Let's Talk Numbers?


11 Years
Sep 26, 2008
NW Ohio
I am just curious as to how many meat birds individuals raise? How many does it take to fill your freezer? What is your schedule for raising them (as in how often do you get new birds, how many, do you have different enclosures for different ages, etc)? Is it even doable on less then 1/2 acre? Other then the obvious health/humane reasons to raise your own, is it cost effective?

Last edited:
Normally I order 30 in the spring, butcher at 8 weeks and order 30 again. Rinse, repeat.

The first batch usually get split with my parents and the second batch I keep for over winter. I sell one or two on occasion and once in a while I have a party at the body shop and I cook a few up for friends.

I raise them in my stock tank (cattle water tank) till they look uncomfortable and then they go outside to a 15' x 15' pen for finishing. They are poop machines so to keep them from sitting in front of the food all day I move the feeder around the pen and take it away from them after 12 hours each day.

If I sell them, I sell per pound at the same price as the local store (not Walmart or Cub foods type super stores).
I raise 25 at a time in a 10 x 10 totally enclosed wire pen inside a barn due to tons of predators. I butcher them every 6-8 weeks and get 25 replacements in at that time frame. However, now my wife can buy friers at the local grocery stores for $0.79 cents a pound for the very same Cornish x, which is way CHEEPER than the feed costs alone.
Yes. I am having the same thoughts. A friend of mine raises them by the thousands in a very nice, humane system (not quite free range but they do get good conditions). He sells the processed birds for the same price as the stores, so why do I want to go through the headache? They are cool birds in there own right but it just doesn't dollar out when you figure your time.
Keep in mind I am in Canada, so you'll have adjust the dollar values accordingly...

We haven't done meaties yet, but our first order is coming on Aprl-24, so here is what I have learned from research:

Price per chick (unsexed): $1.05
Price per 55lb bag of feed: $13.99
Weight to feed conversion ratio ~ 1:2
Our estimated weight (average) at finish: ~6lb/brird, that's in 8-10 weeks.
'Waste' per bird: ~25% of live weight, so 6lb bird will dress out to around 4.5lbs
Tax on feed: 13%

The total with that info comes out to about ~$4.49 per bird, so rougly $1.00/lb meat.

You can buy chicken (whole) at about $2.79/lb in the store, legs at $.99/lb on special. BUT, they are farm grown, antibiotic fed animals.

I also have dogs, so the lungs, livers, gizzards, neck, skin, feet & hearts as well as all carcasses left after portioning will go into dog-food that I make. That will allow me to recoup at least 10-15% of the refuse.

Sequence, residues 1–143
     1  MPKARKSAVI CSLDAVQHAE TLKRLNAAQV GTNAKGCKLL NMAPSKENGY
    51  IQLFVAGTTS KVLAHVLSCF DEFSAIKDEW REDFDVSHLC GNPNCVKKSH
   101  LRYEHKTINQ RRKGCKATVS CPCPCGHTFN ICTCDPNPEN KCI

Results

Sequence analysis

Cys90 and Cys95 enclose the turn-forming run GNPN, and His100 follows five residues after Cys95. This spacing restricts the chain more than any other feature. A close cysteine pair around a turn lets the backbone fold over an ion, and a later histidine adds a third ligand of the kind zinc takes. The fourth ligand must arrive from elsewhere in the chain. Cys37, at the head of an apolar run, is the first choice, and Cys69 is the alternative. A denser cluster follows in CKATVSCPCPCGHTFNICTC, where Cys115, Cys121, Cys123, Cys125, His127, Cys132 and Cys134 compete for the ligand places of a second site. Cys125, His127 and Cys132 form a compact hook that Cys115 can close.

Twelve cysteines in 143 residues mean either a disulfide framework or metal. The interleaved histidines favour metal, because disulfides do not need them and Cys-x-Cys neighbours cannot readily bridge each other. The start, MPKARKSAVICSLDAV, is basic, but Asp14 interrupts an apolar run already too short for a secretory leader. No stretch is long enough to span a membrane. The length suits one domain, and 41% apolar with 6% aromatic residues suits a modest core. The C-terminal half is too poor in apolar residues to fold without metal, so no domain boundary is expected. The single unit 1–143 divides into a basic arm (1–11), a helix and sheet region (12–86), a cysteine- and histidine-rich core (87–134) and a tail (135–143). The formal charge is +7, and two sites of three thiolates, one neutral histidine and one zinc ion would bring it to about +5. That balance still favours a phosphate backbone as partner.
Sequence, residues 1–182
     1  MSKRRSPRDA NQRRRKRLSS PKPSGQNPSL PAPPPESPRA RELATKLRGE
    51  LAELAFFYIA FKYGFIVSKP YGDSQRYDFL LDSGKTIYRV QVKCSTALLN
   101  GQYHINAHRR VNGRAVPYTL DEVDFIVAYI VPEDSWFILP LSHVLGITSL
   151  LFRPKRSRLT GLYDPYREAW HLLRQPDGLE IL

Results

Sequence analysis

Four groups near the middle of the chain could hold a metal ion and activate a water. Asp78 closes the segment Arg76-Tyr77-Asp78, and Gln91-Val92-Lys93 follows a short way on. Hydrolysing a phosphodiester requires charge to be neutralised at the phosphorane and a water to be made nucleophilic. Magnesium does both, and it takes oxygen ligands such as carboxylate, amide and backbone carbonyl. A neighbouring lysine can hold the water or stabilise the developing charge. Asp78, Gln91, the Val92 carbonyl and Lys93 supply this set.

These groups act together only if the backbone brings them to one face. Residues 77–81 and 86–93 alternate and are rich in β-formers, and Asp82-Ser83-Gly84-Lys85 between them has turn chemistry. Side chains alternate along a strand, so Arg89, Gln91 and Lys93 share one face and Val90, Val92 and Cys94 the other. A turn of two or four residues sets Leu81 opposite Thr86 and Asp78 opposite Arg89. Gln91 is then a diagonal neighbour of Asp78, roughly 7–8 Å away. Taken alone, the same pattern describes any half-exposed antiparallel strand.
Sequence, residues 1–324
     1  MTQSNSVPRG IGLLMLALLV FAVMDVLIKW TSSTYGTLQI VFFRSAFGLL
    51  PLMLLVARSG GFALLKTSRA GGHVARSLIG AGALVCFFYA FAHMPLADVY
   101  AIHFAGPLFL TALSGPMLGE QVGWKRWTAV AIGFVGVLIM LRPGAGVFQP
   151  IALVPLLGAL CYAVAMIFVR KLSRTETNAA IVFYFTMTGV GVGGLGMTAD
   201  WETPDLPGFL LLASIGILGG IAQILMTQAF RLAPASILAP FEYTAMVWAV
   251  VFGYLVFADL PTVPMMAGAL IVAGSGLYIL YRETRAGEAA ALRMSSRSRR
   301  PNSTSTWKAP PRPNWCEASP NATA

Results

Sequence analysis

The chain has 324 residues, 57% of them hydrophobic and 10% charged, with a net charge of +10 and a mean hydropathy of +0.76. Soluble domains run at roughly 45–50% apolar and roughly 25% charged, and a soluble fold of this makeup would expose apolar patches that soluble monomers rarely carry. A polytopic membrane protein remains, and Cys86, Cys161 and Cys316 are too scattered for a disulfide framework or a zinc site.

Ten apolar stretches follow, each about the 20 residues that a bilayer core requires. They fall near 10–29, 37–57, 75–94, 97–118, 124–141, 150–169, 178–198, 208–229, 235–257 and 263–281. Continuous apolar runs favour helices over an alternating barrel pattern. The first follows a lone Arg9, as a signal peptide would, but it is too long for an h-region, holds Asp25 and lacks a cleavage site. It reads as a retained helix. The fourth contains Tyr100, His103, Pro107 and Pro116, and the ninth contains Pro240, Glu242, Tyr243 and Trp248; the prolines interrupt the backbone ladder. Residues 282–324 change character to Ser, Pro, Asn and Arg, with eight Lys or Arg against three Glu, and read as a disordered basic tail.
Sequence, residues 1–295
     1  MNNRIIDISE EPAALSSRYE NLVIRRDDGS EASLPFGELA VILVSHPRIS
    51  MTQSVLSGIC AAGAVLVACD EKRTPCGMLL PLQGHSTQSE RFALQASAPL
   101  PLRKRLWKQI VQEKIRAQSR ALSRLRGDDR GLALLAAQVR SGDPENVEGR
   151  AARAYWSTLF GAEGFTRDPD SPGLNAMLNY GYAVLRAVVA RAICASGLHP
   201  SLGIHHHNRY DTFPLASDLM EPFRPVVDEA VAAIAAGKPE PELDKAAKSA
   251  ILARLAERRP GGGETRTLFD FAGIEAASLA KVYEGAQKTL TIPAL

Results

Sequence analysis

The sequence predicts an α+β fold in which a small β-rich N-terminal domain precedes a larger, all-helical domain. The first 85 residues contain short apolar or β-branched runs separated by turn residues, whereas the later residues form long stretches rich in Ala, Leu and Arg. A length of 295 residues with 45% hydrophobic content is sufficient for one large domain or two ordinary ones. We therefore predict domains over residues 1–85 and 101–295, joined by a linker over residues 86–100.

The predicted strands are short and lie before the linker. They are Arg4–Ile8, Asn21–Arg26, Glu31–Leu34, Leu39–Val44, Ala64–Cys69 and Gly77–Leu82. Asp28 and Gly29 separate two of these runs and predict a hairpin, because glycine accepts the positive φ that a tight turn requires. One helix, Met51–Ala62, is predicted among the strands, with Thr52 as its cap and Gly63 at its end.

All in all, I hope this will be worthwhile experiment for us. It definitely won't be work free

Thank you all for the replies. It may be something we investigate later. But I am thinking, by the looks of it, it may not be for us yet. I really don't think we have the space and I know I would be the only one doing the work. I am going to start in on DH though after we get our layers going. Thanks for the immediate insight. I will be back, I hope
I'm raising 50 this spring in a 10x10 tractor that I'm currently building. You'd be surprised as to how little room they really need to thrive. I did 25 in a 10x6 tractor, and there was plenty of room for more.
We do 2 groups a year, 1 in early spring, the other in late summer. Each group consist of approximately 25 - 30 birds. We raise them in a tractor I built (see our BYC page). We still have a few chickens left in the freeze from last fall. Both of our kids are in college, so there is less mouths to feed, accept for "care" packages. This year we did well in trading chickens for pork, geese and fishing rights to a nice semi private lake
I only did 25 last year. I'm doing 50 right now and then 50 more later on in the year. I know that I can buy it from the store cheaper, but I know what went it to mine, how they were kept and how they were processed. I also think it is important for my kids to know where their food came from and the fact that they are to respect animals and the relationship we have with them. Plus they taste WAY better.
I raised batches of 25, twice. I kept them in a portable electric poutlry netting-type fence. i have noticed that where the chickens wer last year--the grass is actually green, compared to the brown of the rest of the yard. that chicken poo is a GREAT fertilizer!!

New posts New threads Active threads

Top Bottom